Swiss Bank Collapse | Credit Suisse: Adani moment for Credit Suisse? Swiss bank’s collapse triggers Twitter trolling


Switzerland-based global investment bank Credit Suisse was at the receiving end of the jibes of Twitteratis after the company’s long-brewing troubles exploded into a full-blown crisis on Wednesday. The Twitteratis drew a parallel with the Adani Group fiasco calling it “KARMA”.

Following the Hindenburg report on the Adani Group, Credit Suisse said it stopped accepting bonds as collateral for margin loans of some of the group entities of Adani Group. The companies in question were Adani Ports & Special Economic Zones, Adani Green Energy and Adani Electricity Mumbai.

“Adani moment for so many banks. Credit Suisse was the best. Played it’s part in that hitjob. Now, seems to have got hit by a killer punch,” Shyam Sekhar tweeted.

“Credit Suisse says won’t accept Adani bonds as collateral and now just in 45 days… Any one won’t accept CREDIT SUISSE….??????
KARMA,” a tweet posted by one Pranav Shah said.

“Karma?? Credit Suisse which was first to assign Zero Lending Value to Adani Group Bonds following Hindenburg allegations and supported the hit job, is in Deep trouble. #CreditSuisse ‘s biggest backer, Saudi National Bank, has said We cannot increase stake because we cannot go above 10%. It’s a regulatory issue. Shares down 24%. Credit Suisse posted a loss of $1.5 billion in Q4 and the stock is down 97% in 5 years with a 40% probability of default,” Twitter handle @MeghUpdates said in another tweet.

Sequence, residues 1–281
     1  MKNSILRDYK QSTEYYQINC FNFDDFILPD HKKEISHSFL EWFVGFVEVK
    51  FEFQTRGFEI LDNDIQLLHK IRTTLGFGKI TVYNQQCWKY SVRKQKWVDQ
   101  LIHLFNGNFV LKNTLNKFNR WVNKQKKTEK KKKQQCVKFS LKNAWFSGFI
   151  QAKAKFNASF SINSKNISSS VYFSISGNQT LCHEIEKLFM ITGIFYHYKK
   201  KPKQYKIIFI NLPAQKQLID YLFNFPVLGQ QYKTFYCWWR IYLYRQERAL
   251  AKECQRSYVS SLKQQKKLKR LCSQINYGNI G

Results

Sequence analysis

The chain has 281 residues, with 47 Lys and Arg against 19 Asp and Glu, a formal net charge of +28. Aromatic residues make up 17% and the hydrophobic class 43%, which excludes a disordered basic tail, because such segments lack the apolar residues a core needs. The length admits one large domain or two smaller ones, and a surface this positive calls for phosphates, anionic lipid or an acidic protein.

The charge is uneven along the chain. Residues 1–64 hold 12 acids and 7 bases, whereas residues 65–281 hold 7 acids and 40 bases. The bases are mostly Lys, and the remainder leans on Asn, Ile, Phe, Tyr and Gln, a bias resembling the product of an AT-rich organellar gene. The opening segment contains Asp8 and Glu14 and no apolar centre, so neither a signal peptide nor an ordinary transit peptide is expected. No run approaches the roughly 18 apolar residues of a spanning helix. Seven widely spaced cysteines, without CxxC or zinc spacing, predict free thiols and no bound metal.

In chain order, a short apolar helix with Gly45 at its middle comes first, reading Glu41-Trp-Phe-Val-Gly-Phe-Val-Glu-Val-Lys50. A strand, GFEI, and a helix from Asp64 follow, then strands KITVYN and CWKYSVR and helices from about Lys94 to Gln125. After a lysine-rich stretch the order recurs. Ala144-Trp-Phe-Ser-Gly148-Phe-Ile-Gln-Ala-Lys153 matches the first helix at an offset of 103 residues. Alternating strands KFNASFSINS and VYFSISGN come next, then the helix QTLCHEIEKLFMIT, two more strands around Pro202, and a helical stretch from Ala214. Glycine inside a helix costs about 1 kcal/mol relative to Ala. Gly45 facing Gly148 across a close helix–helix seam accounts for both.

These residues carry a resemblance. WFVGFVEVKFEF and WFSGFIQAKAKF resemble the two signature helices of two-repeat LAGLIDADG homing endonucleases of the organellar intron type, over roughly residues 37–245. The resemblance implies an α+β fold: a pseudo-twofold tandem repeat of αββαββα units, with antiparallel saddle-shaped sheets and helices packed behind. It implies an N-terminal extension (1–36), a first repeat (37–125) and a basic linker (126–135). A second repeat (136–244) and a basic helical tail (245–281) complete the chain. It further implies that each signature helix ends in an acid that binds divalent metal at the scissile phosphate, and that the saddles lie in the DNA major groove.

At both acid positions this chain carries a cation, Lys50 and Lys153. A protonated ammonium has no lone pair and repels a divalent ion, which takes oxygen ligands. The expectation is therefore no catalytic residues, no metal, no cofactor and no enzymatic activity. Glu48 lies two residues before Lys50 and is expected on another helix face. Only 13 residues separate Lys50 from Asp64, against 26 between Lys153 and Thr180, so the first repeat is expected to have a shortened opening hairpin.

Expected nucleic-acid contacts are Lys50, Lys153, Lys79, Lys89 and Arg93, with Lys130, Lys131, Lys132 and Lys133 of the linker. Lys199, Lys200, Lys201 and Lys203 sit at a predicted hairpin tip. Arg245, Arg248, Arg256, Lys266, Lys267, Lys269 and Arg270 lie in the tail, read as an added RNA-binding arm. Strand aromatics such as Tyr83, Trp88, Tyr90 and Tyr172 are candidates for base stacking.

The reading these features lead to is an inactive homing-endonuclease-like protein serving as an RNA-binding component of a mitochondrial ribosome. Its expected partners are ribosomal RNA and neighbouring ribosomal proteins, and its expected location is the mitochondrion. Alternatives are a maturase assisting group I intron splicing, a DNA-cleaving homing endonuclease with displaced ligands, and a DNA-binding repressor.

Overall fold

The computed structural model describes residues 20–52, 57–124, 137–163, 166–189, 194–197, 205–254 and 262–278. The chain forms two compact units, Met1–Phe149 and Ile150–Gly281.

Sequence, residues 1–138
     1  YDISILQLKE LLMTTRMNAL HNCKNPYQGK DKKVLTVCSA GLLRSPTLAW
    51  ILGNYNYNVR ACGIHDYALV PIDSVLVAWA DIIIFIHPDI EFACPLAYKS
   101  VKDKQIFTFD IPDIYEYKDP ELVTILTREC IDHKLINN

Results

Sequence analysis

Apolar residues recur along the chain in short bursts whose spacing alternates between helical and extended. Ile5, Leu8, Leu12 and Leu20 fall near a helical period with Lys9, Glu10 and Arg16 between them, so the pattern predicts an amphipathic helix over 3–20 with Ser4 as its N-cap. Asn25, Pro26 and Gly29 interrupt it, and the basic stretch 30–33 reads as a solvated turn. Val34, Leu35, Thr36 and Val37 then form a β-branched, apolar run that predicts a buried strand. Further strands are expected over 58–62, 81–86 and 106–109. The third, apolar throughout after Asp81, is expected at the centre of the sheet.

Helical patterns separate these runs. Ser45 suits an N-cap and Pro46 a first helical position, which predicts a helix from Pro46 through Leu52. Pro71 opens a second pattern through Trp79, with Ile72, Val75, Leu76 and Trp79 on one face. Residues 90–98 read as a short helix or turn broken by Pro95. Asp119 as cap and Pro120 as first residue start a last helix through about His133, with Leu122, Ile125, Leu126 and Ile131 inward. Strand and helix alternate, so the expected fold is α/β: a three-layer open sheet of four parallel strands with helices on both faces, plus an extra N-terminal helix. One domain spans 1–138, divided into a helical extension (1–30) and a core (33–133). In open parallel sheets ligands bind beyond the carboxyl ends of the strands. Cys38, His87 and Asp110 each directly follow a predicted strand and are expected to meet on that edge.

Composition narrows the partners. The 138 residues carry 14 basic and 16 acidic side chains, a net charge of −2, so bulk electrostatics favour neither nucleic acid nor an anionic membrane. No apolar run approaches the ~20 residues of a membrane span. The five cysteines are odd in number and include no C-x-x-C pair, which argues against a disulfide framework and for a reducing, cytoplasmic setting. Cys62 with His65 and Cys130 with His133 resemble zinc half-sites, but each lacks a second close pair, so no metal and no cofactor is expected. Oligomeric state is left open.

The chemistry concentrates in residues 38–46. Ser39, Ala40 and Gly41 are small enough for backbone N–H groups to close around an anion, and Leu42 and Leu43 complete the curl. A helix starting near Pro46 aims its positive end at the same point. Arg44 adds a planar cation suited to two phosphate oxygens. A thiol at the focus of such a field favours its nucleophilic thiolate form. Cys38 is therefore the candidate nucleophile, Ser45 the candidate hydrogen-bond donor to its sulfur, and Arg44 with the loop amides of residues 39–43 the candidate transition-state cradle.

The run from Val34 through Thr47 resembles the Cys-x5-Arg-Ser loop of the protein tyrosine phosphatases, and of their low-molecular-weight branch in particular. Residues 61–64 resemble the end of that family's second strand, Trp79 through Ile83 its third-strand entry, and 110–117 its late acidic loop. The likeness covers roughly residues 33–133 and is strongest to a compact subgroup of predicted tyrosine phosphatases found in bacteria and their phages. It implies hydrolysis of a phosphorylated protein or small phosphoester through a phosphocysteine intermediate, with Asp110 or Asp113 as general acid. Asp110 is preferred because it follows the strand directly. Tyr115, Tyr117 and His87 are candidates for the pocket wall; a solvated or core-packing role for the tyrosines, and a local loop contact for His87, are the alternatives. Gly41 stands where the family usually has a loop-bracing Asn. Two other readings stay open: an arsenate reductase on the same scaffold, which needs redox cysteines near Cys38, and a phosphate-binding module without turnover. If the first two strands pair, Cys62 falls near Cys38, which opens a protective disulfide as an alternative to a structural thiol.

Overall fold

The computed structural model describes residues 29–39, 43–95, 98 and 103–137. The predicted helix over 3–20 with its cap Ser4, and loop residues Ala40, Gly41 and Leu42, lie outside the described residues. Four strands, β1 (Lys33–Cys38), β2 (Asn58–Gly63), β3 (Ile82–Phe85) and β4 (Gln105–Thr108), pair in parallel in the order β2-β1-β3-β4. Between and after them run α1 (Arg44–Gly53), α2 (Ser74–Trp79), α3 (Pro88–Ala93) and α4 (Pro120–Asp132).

On Wednesday, the stock and bonds of Credit Suisse Group AG cratered and some of the world’s biggest banks raced to shield their finances from the potential fallout, Bloomberg reported.

The stock fell as much as 31%, hitting record lows, and prices on its benchmark bonds sank to levels that indicate the Swiss lender is in deep financial stress something rarely, if ever seen at a major global bank since the throes of the 2008 crisis, the report further said.

Meanwhile, banks that trade with Credit Suisse snapped up contracts, known as credit-default swaps, that will compensate them if the crisis deepens, the report added.

Crisis-hit Credit Suisse, which is struggling to regain market confidence after its stock plunged 31% on Wednesday amid doubts over its financial stability, is the 12th largest foreign bank in India and owns assets worth Rs 20,700 crore.

Even in the worst-case scenario of an SVB-like collapse, Credit Suisse is not being seen as a direct threat in India as it owns just 0.1% of assets in the Indian banking system.

However, the Swiss banking giant has a presence in the derivatives market and funds 60% of its assets from borrowings, of which 96% is up to two months, according to a study by Jefferies.

(Disclaimer: Recommendations, suggestions, views and opinions given by the experts are their own. These do not represent the views of Economic Times)



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